By Rebecca Lake
Determining how to allocate assets in your investment portfolio is important. A permanent portfolio allocation can minimize the impact of economic changes on your investments. The concept, developed by investment advisor Harry Browne, takes a simplified approach to asset allocation.
What Is a Permanent Portfolio?
A permanent portfolio typically fares well in varying economic conditions. This type of portfolio performs consistently whether the economy is booming or sliding into a recession. This strategy should, in theory, insulate investors against market risk and growth.
Following Harry Browne’s definition of a permanent portfolio, your asset allocation would involve equal 25% portions of the following:
Essentially, you’re diving your portfolio into a pie with four equal parts, each one representing a different type of asset. The idea is that each asset can act as a check and balance against the others. If one falters because of changing economic conditions, the others would be there to pick up the slack.Permanent Portfolio Pros
As with any other allocation strategy, it’s important to consider both the good and the bad with a permanent portfolio. This strategy can relieve pressure when choosing investments.
By breaking your portfolio up this way, you’re accepting that the market moves in cycles. Volatility is a natural part of those cycles. You’re not trying to predict which way an investment or asset class will move or time the market at all.
Instead, you’re relying on proper diversification to steer you and your portfolio through changing economic seasons. The permanent portfolio model outlined earlier contains four asset classes that aren’t strongly correlated to one another. So you can better balance out dips in performance in one asset class with stronger performance elsewhere.
A permanent portfolio also has the potential outperform other portfolio construction models. For example the three-fund model splits assets between U.S. stocks, international stocks and the total bond market. That structure can minimize the losses during a downturn. Meanwhile, it can even out total portfolio returns over the long-term.
This type of approach can also be cost- and tax-efficient. However, it depends on which investments you use to fill in each section of your pie. For example, you could base your allocation on index funds or exchange-traded funds. Both can offer cost-efficient passive investing. ETFs can also offer the advantage of having a lower turnover ratio. That means your investments trigger fewer capital gains tax events.Permanent Portfolio Cons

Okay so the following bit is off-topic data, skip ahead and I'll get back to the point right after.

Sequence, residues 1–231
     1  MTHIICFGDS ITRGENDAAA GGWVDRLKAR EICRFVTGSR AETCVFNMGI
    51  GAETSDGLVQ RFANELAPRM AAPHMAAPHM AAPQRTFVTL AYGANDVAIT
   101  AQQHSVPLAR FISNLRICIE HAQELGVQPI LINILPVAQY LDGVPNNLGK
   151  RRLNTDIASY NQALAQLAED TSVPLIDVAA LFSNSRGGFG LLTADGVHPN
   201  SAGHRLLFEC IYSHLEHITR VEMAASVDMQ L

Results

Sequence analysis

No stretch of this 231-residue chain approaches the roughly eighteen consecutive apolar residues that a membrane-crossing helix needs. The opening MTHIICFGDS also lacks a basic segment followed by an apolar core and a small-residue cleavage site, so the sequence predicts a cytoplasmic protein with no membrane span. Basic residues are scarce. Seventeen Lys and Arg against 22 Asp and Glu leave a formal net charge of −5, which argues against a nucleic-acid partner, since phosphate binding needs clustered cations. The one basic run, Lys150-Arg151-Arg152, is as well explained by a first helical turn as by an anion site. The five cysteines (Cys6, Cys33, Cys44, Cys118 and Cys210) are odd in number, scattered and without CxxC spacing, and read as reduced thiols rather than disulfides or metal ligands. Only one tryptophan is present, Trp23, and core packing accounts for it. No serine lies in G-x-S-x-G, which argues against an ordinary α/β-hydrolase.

First off, you’re only getting 25% exposure to stocks. Depending on your age, how long you have to invest and your overall goals, this might be too conservative . Generally, the younger you are the more risk you can afford to take. Consequently, limiting yourself to just 25% stocks earlier in your investing career may mean limiting growth. A 60/40 portfolio, on the other hand, puts 60% split into stocks and the remainder into bonds. That allocation could outperform a permanent portfolio in the long run.
Another potential downside is that stock allocation is concentrated on U.S. companies. You don’t get any exposure to international stocks or emerging markets.Thosecould add another layer of diversification to your portfolio. Once again, that can translate to missed opportunities.
Reliance on gold can also be problematic. Gold and other precious metals can offer a hedge against inflation in a portfolio.. However you may not seem the same level of return performance over time as you might with stocks.
While having bonds in your portfolio can help with mitigating risk, another issue with a permanent portfolio is that you’re focused exclusively on Treasury bonds. That means you’re not taking advantage of the return potential and stability that corporate, municipal and other bond types might offer.Creating a Permanent Portfolio
Constructing a permanent portfolio hinges on deciding how to invest, not what to invest in. So again, you could use index funds or exchange-traded funds that represent each of the four asset classes mentioned earlier to represent your portfolio. There are plenty of funds and ETFs that invest exclusively in U.S. stocks, Treasury bills, Treasury bonds and gold, respectively.
Another route is to invest in a mix of funds and direct investments. So for example, you might hold two mutual funds, one representing the total U.S. stock market and the other representing the U.S. bond market. Then you might also invest directly in Treasury bills and gold bullion bars or coins.
Once you have your permanent portfolio set up, managing it is fairly straightforward. You’d want to review your asset allocation at least once annually to make sure you’re staying on track with your 25% targets for each category. If you’ve become heavy in any one area, you could rebalance to bring your portfolio back in line.The Bottom Line
A permanent portfolio can take some of the stress out of investing. You’re building a portfolio based on a template, which might appeal hands-off investors. Just remember that it’s not the only way to build a portfolio. As a result, it’s helpful to look at all the options when allocating assets.Investment Tips
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